It is at this point that lane would normally begin processing personal information about a US-based candidate. However, after talking with corporate counsel and the company’s Chief Privacy Officer, she learns that based on the UK’s Employment Practices Data Protection Code it is better if she is provided with applicant information in a manner that doesn’t constitute the processing of ‘data’. She will otherwise be obligated to notify the candidate that she is processing their personal data ‘as soon as practicable’ after receiving information from the search firm.
Company adequacy determination
Transferring personal data back to the US at this point would also require ABACUS to determine if the company meets adequacy protection requirements as dictated by the European Union Data Protection Directive (95/46/EC). These laws limit the transfer of human resource data from the EU to third countries, such as the US, unless the third country or entity is found to provide an adequate level of protection. Accordingly, any employer such as ABACUS processing applicant data in the EU must first revise its HR data practices to the Directive and member state laws while the data is still in the EU.
These laws impose substantial requirements on the collection, transfer, processing and use of virtually all employee data. Member states such as the United Kingdom have further enacted laws such the UK Data Protection Act 1998 to implement the Directive that also apply to employee and consumer personal information.
In the short term, Ann determined that until ABACUS is capable of meeting adequacy requirements, she should not request personal information to be sent to her from the UK electronically back in the US. This thereby reduces the risk of it constituting ‘personal data’, although it is unlikely that a paper-based record of an executive recruiter’s notes would be caught by the Directives or the DPA due to the restrictive definition of ‘relevant filing system’. If the suggested names are not considered suitable then Ann will immediately destroy the information.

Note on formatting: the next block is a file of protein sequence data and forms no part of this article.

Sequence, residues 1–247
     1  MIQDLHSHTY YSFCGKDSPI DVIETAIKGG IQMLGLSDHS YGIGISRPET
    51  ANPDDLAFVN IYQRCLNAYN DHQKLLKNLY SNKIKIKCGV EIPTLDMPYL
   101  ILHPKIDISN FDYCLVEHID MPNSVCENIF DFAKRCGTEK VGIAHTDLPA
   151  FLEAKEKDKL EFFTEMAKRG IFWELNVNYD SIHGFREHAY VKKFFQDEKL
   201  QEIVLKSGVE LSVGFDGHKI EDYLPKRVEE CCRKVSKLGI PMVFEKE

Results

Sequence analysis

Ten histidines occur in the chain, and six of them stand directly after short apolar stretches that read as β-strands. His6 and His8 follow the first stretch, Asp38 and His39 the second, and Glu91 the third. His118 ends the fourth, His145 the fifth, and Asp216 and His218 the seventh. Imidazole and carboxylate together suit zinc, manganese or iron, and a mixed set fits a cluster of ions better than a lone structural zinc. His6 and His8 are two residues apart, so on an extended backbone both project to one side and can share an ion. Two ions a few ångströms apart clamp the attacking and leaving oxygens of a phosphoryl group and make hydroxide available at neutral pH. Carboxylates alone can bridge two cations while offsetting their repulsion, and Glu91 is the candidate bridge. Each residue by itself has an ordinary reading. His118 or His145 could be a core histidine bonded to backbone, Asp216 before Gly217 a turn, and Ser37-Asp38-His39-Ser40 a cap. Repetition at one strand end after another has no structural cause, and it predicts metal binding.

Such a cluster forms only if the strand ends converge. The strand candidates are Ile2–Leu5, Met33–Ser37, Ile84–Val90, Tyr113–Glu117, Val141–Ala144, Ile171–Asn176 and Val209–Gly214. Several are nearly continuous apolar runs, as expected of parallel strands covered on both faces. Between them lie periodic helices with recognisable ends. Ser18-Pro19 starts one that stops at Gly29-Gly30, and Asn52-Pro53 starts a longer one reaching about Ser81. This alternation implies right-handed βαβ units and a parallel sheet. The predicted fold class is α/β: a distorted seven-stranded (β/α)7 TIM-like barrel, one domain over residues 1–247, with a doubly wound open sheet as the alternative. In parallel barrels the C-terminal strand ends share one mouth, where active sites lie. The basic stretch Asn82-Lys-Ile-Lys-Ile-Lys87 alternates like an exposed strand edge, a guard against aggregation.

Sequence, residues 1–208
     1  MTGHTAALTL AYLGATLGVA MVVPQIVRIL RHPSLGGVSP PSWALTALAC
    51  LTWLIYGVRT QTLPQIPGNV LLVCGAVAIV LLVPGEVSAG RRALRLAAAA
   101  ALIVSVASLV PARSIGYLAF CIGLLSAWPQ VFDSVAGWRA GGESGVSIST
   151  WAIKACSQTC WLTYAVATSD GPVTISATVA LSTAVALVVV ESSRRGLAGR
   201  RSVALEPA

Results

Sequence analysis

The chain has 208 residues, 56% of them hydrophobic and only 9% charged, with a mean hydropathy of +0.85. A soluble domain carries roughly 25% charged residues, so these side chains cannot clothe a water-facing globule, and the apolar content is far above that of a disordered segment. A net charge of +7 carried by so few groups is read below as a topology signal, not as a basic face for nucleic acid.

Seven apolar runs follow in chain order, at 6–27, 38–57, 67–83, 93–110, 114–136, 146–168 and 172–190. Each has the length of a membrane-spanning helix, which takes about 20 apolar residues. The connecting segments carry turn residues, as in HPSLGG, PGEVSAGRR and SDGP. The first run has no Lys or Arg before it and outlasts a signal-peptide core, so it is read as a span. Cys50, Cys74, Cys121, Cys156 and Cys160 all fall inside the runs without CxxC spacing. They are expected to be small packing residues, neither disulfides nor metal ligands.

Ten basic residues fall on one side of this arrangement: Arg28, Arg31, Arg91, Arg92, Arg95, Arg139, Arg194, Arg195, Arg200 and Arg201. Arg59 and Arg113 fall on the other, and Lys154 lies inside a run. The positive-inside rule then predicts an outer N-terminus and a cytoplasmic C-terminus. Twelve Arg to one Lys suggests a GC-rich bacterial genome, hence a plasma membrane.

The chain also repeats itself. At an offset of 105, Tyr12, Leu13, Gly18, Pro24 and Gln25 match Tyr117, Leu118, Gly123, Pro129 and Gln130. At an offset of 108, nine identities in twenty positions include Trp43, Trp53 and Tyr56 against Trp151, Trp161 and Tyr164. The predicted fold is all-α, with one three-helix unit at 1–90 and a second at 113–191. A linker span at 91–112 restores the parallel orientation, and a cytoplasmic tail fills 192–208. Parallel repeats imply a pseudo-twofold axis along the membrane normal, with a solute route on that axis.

Legal basis for transfers
When transferring employee data from the EU to third countries such as the US, companies such as ABACUS are required to identify and implement a legal basis for such transfers. Employers operating in the EU that collect or process personal information in the EU without adhering to member state laws or that transfer personal information from the EU to a country without adequate protection or a relevant exception may incur substantial legal liability.
A growing challenge
Organizations are facing a growing challenge in managing the collection, use, processing and transfer of mass amounts of HR personal information, especially in light of the myriad of international personal privacy laws that exist today as well as emerging technologies designed to manage HR data in a global environment.
Effective management of overseas data privacy, HR policies related to international applicants, and security involves a multi-disciplinary approach involving policy development, legislation, technology and business processes in order to fully understand data protection and privacy issues. It also requires recognition that effective HR data management is a process that must include a comprehensive Human Resource, Data Privacy Management Plan for responding to constant changes in both internal and external factors effecting global employee data use in multinational organizations.